Took this ages ago. I think it is field mouse but not sure.
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Yes, long-tailed field mouse. Look after them as well as the birds.
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Other common name is a Wood Mouse.
This is an interesting photo of a wood mouse as you don't often see them too far off the ground!
Jane/Derek/Adrian - someone add a revised ID for wood mouse Apodemus sylvaticus and then people can agree with that.
BTW could have been yellow-necked mouse in this location too, but I think the second photo shows there's no shoulder-to-shoulder band of darker fur.
OU Certificate in Contemporary Science
Hi Gill, can you give me a few key differences between wood mice and yellow-necked mice?
The two species are difficult to distinguish, but the easy 'knock-out' question for the yellow-necked mouse is often the location (have a look on the NBN Gateway maps) - wood mice are widely distributed throughout England, Wales & Scotland whereas the yellow-necked has a much more restricted distribution.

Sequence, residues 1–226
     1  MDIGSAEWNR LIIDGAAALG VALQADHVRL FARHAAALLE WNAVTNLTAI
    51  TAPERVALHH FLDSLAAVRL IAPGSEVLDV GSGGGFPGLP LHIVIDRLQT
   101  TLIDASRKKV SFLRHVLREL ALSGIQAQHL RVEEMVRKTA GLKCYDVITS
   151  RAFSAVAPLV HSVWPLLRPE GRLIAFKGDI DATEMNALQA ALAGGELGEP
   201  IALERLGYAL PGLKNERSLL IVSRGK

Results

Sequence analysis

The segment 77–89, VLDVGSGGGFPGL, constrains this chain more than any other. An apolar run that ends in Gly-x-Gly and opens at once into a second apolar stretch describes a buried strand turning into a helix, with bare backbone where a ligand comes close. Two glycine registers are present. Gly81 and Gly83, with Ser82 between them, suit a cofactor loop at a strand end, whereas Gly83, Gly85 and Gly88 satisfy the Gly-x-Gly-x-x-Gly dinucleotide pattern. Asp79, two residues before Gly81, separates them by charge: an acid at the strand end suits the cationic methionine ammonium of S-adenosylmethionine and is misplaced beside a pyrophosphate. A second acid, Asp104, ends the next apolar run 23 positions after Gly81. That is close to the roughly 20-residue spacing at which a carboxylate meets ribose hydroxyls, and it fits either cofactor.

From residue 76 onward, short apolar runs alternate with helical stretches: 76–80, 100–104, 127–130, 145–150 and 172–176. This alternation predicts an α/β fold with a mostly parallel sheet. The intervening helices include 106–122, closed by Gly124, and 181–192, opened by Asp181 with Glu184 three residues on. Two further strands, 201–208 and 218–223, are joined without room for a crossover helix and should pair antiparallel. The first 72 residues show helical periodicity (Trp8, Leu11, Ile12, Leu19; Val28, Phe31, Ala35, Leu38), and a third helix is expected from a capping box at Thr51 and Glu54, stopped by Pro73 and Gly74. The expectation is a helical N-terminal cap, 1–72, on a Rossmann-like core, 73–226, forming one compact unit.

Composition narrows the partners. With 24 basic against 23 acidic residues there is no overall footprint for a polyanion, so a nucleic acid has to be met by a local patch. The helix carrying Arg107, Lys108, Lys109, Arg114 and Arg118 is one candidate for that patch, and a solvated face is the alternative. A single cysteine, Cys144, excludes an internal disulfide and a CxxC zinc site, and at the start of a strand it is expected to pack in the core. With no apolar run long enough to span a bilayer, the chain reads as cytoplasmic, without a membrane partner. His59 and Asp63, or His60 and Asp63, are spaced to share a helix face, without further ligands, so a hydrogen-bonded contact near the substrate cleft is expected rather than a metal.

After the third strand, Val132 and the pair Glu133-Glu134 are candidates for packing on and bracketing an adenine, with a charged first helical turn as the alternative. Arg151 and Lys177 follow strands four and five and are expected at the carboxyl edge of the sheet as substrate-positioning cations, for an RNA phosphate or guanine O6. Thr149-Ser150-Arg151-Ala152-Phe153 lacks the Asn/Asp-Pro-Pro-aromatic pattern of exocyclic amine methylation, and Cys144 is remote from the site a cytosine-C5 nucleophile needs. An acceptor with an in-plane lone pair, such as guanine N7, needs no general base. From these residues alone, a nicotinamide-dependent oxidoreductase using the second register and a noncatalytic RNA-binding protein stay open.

The yellow-necked is larger than the wood, but with such a small animal it's often difficult to get a good sense of scale and of course juveniles and 'atypical' individuals can invalidate that comparison anyway.
In terms of colour, the 'brown' on a wood mouse may be more reddish, but the difference isn't that great and again individuals may show colour variations.
So if the animal is sighted somewhere that is within the range of both species, the only definite way to tell is if you get a good view of the neck/chest markings. Yellow-necked mice havea continuous band of brown from shoulder to shoulder (see reluctantly obliging mouse at http://www.ispot.org.uk/node/238018) whereas in wood mice there is only a spot or short vertical stripe of brown, sometimes likened to a clip-on tie.
Which is why, if the chest markings can't be seen from the photo and both species could be present at that location, we tend to just say 'Apodemus species'.
But I think the side view of the mouse in the second photo suggests no band of brown from shoulder to shoulder?
Thank you for the description and the link. I’m now pleased to say I almost certainly have seen a yellow-necked mouse and even have a photo somewhere on my camera. I’ll see if I can find and upload it to ispot tomorrow.
Yes, Gill, done.
I am beginning to see how important this is.
I see this subject has come up before
And now you have given some clues reagrding distribution we need to be cautious.
But is it possible someone has a picture showing the Yellow-necked ID features?
Thanks for sharing the photos! It's good to see that the resourceful mouse was taking advantage of a good food supply.
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